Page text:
For by grace you have been saved through faith. And this is not your own doing; it is the gift of God.
Many people run away from God because they aren’t perfect. They feel the need to be the best version of themselves for God to forgive them or love them. Unfortunately, after many mistakes or failed attempts at being righteous, a lot of people consider themselves unredeemable and give up.
If this describes you, let me be extremely clear. If God, the creator of the universe, can make a world out of nothing, He can forgive you of whatever sin you’ve committed and write your name into the book of life.
It truly doesn’t matter what you’ve done. It simply doesn’t.
And before you ask about the unforgivable sin, blasphemy, let’s talk about a common misconception…
The “Unforgivable” Sin… Blasphemy
Jesus, who is the only example of perfection and true righteousness in creation, said in Mark 3:28-30, “Truly, I say to you, all sins will be forgiven the children of man, and whatever blasphemies they utter, but whoever blasphemes against the Holy Spirit never has forgiveness, but is guilty of an eternal sin.”
This same story, phrased slightly different, is recorded in Matthew 12:31-32. This verse reads, “Therefore I tell you, every sin and blasphemy will be forgiven people, but the blasphemy against the Spirit will not be forgiven. And whoever speaks a word against the Son of Man will be forgiven, but whoever speaks against the Holy Spirit will not be forgiven, either in this age or in the age to come.”
Ouch. But, let’s talk about the context of these verses and what Jesus actually meant by His words.
Jesus had just healed a demon-oppressed man who was blind and mute. Many of the people were amazed, and they wanted to believe in Him. The Pharisees, who were considered the religious leaders of the time, were against Jesus and attempted to keep others from believing or following Him. They essentially said, “Nah. He gets his powers to drive out demons from the devil.”
The Bible doesn’t mention Jesus letting out any exasperated sighs or His eyes rolling before He explained how illogical their reasoning was, but I wouldn’t have blamed Him. In Mark 3:23-24, He puts the Pharisees in their place by asking a question in response to their accusations. “And he called them to him and said to them in parables, ‘How can Satan cast out Satan? If a kingdom is divided against itself, that kingdom cannot stand.’”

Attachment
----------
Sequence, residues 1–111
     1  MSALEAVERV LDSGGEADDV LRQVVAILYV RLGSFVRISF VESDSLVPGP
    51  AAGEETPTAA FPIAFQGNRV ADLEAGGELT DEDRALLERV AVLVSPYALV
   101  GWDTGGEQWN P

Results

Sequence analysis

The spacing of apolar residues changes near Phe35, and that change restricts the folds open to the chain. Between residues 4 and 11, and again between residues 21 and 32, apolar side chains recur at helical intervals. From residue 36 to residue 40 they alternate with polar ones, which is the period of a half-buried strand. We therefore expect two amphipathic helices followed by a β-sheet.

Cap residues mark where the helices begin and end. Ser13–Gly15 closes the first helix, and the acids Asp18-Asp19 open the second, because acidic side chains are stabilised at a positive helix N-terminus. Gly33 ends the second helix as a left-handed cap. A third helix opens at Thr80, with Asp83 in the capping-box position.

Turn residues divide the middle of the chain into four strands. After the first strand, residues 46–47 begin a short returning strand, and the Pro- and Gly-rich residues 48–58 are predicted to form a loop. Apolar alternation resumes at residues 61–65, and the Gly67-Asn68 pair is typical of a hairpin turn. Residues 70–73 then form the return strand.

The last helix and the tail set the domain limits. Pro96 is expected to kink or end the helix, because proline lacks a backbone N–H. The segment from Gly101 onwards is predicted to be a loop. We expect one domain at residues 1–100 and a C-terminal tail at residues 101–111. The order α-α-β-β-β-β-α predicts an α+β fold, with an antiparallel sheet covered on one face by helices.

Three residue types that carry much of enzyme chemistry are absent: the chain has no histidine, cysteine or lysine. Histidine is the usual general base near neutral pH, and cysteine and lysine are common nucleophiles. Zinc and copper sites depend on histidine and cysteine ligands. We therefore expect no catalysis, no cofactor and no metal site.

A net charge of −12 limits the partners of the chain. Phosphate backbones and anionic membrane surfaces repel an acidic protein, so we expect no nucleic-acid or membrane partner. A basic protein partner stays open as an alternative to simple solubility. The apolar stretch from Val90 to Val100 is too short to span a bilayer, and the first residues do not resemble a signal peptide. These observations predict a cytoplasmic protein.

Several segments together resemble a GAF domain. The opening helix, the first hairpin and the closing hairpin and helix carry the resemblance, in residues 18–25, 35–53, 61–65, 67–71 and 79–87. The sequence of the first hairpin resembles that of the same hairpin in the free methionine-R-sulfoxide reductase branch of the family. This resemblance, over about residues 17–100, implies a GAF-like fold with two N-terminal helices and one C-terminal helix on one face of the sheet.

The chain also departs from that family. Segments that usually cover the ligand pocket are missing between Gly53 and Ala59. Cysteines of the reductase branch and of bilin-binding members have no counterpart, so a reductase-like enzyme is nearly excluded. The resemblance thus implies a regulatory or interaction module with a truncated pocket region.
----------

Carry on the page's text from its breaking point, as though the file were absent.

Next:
But, the point is that the Holy Spirit was calling out to the hearts of these people and the Pharisees refused, refuted, rejected and revoked Him. The Pharisees were against Jesus and against people coming to Him. They weren’t only denying Jesus, but they were attempting to deny others the chance to know Him. Their sin was a blasphemy against the Holy Spirit because they refused to accept the call of Jesus. They were unwilling to drop their pride, come to Jesus, admit their sin, ask for forgiveness, and accept the salvation He was offering them.
That’s what it means to blaspheme the Holy Spirit. It means you’ve heard the gospel of Christ and you’re choosing to ignore it and reject salvation. Then you kick the bucket, so to speak.
If you’re willing to accept forgiveness and follow Jesus, it doesn’t matter what sins you’ve committed in the past. It doesn’t matter if you were once like the Pharisees and said things you shouldn’t have said. If the Holy Spirit is still calling you, and you feel the desire to come to Jesus, God can and will forgive you. That unforgivable sin? Well, it’s only unforgivable if you don’t seek forgiveness. It’s only eternal if you die before you change your mind. Jesus wasn’t trying to block anyone from coming to Him then, and He isn’t blocking you from coming to Him now.
Jesus Prefers Humility Over Perfection
In Luke 5:29-32, the same Pharisees were grumbling against Jesus because He was eating dinner and having a good time with sinners in the home of a hated tax collector with a bad reputation. But, Jesus answered them by saying, “Those who are well have no need of a physician, but those who are sick. I have not come to call the righteous but sinners to repentance.”